For the skeptics: His eyes, under the black blindfold, are covered with half-dollar coins held in place with layers of surgical tape. Ning, ning, ning, ning.
He acknowledges possessing heightened sensitivities. But Salem insists there's nothing supernatural, mystical or occult ("Well, maybe a little," he says with a wink) about what others would call his psychic gift, which surfaced at an early age.
As a child, he was an avid puzzle-solver and reader, fascinated, he says, by the workings of the mind.
He practiced by sending his younger brother, Avi, into a dark room to concentrate on numbers. He also tended to spoil surprises by knowing what was inside wrapped presents or where his family was headed when his parents hadn't discussed the trip.
And he was highly empathetic to others' pain. It was a trait he shared with his father, a Philadelphia rabbi, who, Salem says, internalized his congregations' problems and died at 41 after suffering a third heart attack.
"He did not know how to separate himself," says the entertainer, shaking his head.
Salem, 47, holds a doctorate in developmental psychology from New York University. He also taught college psychology courses for two decades and was research director in the 1980s for TV's Sesame Street, where he studied the developmental areas of the mind.
He has helped lawyers with jury selection and trained police departments in nonverbal communication techniques, emphasizing information retrieval and reliance on intuition.
"Much of my work is (nonverbal) signals ... sometimes a flash or a feeling," says Salem, who has made the rounds of TV talk shows, from The Rosie O'Donnell Show and Montel Williams to Maury Povich and Live with Regis.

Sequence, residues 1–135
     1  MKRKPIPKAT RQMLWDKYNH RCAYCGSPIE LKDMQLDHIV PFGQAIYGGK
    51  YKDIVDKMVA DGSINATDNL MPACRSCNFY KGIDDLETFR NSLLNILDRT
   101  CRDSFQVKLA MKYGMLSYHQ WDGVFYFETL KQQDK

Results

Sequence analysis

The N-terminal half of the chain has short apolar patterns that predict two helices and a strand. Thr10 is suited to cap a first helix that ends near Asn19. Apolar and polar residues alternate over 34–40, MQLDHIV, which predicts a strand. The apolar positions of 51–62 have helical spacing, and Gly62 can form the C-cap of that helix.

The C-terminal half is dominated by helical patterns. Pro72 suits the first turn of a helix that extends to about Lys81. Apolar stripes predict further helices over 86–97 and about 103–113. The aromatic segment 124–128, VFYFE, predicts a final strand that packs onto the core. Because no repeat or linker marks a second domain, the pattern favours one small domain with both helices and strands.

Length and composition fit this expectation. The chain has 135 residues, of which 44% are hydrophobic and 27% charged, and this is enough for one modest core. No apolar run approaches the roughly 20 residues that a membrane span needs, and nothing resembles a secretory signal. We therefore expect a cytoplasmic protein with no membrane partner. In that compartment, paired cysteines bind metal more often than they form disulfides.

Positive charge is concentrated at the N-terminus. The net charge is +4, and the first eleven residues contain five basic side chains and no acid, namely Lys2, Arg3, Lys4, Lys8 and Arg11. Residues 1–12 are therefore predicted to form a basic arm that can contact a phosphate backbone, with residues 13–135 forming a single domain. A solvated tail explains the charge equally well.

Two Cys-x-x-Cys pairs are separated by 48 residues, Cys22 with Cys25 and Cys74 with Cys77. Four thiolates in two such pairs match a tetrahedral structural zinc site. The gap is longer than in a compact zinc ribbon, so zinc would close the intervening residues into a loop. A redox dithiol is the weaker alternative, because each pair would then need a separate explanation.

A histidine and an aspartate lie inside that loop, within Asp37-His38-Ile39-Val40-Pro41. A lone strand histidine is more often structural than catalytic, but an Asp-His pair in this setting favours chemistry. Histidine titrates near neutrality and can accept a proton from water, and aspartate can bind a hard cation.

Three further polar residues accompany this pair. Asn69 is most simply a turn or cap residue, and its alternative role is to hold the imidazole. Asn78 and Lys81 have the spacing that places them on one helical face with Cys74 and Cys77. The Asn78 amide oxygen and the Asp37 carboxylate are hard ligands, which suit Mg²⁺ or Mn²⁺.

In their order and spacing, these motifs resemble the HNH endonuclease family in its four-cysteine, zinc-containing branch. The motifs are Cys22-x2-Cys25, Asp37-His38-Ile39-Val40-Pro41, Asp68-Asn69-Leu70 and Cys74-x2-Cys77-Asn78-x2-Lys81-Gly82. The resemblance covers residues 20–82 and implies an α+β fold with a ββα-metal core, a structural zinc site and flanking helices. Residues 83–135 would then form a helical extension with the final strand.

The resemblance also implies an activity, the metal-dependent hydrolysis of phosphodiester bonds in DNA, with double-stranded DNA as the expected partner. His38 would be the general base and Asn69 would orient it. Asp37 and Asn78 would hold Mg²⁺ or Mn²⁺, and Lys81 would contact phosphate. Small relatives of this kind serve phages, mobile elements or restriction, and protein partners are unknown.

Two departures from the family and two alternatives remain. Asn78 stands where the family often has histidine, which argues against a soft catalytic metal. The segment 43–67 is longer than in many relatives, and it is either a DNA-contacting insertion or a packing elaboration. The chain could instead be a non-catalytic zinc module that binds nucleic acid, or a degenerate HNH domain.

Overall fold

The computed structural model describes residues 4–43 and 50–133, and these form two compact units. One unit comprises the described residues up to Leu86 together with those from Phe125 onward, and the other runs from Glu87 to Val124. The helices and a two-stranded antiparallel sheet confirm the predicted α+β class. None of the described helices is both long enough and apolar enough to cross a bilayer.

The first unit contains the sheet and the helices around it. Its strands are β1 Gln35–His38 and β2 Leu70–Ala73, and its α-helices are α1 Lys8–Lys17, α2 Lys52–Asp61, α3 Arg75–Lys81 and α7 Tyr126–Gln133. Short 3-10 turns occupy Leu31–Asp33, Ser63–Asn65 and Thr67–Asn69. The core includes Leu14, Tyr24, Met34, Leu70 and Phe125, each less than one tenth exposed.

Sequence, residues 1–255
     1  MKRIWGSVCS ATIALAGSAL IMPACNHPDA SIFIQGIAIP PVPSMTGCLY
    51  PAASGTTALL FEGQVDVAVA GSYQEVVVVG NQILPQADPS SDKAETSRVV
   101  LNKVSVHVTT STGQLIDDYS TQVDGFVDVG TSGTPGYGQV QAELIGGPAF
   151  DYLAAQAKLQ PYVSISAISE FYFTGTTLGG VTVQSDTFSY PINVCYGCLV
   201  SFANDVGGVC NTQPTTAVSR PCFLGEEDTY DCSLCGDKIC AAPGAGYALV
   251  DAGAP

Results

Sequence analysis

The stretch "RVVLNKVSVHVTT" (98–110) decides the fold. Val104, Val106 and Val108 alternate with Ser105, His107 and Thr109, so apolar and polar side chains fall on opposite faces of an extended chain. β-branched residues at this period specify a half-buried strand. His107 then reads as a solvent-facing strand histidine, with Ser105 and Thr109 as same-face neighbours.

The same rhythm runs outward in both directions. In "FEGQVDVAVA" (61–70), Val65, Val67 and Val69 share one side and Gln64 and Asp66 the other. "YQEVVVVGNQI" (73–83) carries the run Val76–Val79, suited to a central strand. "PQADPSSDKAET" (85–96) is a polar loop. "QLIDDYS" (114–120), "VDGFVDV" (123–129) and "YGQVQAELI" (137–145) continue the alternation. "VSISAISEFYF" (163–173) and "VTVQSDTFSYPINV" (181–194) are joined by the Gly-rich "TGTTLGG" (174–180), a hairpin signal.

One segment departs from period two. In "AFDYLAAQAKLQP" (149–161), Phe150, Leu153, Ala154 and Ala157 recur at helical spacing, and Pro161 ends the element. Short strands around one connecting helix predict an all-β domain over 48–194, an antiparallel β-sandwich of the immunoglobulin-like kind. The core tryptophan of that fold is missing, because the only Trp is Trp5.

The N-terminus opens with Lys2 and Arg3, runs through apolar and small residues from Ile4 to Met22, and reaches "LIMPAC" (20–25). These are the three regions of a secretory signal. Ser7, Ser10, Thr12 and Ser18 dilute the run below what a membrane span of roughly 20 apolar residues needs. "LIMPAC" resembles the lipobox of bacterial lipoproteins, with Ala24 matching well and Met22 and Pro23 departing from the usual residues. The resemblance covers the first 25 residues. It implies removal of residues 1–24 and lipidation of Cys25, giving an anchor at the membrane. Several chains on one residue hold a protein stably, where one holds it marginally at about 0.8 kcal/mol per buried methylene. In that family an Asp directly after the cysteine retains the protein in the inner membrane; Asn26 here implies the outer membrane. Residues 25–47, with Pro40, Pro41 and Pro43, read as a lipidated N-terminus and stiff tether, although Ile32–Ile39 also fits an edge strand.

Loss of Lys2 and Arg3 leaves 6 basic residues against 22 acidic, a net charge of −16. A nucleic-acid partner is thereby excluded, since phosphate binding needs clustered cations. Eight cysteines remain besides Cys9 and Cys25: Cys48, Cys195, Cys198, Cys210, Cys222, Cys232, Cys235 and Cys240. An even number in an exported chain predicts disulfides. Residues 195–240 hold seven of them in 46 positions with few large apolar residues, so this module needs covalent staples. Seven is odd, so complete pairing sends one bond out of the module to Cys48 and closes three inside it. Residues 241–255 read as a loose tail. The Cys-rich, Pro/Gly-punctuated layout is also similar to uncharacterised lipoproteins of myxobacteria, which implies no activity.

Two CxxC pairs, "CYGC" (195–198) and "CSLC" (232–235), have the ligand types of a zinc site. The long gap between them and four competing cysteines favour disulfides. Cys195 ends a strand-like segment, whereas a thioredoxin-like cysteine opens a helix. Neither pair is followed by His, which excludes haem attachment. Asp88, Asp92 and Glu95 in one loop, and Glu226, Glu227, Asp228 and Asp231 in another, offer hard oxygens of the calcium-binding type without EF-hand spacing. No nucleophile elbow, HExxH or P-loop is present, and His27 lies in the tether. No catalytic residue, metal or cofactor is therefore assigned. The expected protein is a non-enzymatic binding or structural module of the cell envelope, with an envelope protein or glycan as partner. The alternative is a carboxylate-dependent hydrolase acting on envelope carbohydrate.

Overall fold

"I don't have a warehouse of hidden information in my mind. Police do, and all they have to know is how to retrieve it." Trusting your gut is also crucial.
"We're all intuitive to a certain degree, we're constantly picking up cues," he says. "But we've conditioned ourselves -- we tend to reason things out instead of going with gut reactions."
Salem chooses not to chase criminals, do counseling or predict futures.
"That's not fun," he says. "I'm always uncomfortable doing personal things with people."
Two other activities he abhors are driving and gambling, both of which, he says, require too much intense concentration.
"Gambling holds absolutely no interest for me," says Salem, who enjoys a comfortable lifestyle with his wife and three grown children. "I just can't see sitting down for hours at a table, I'd be miserable."
But he's happy with the direction in which his show business career is heading. After Detroit, he'll perform Mind Games in Edinburgh and London for four weeks each, followed by an open-ended run in New York.
Earlier this month, he returned there to receive Backstage magazine's Entertainer of the Year award for a version of his show that included musical accompaniment by a jazz ensemble.
Indeed, no two Mind Games are exactly alike since the show depends on audience interaction. Salem uses the intimacy of the Century Theatre cabaret setting to his advantage, occasionally moving among the audience -- encountering real people and real thoughts, absorbing energy and vibes.
"I play without a net," he says. "This is reality programing on stage."